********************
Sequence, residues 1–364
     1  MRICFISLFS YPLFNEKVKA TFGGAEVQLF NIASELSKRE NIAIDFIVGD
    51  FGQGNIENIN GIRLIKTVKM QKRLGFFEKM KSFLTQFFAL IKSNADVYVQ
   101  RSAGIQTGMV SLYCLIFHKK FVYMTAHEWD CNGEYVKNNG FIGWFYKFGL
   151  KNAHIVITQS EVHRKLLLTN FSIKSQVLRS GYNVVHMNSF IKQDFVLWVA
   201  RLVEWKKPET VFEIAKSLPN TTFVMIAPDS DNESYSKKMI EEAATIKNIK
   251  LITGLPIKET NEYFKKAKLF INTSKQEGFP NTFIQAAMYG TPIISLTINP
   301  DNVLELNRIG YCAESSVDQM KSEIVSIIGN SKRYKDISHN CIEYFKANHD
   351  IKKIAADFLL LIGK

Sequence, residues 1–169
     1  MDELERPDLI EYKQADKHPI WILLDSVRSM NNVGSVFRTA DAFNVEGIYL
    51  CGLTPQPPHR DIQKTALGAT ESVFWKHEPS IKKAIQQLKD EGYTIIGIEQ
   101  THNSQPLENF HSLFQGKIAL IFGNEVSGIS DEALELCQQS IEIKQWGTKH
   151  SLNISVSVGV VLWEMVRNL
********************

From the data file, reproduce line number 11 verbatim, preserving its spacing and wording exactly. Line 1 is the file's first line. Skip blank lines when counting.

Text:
     1  MDELERPDLI EYKQADKHPI WILLDSVRSM NNVGSVFRTA DAFNVEGIYL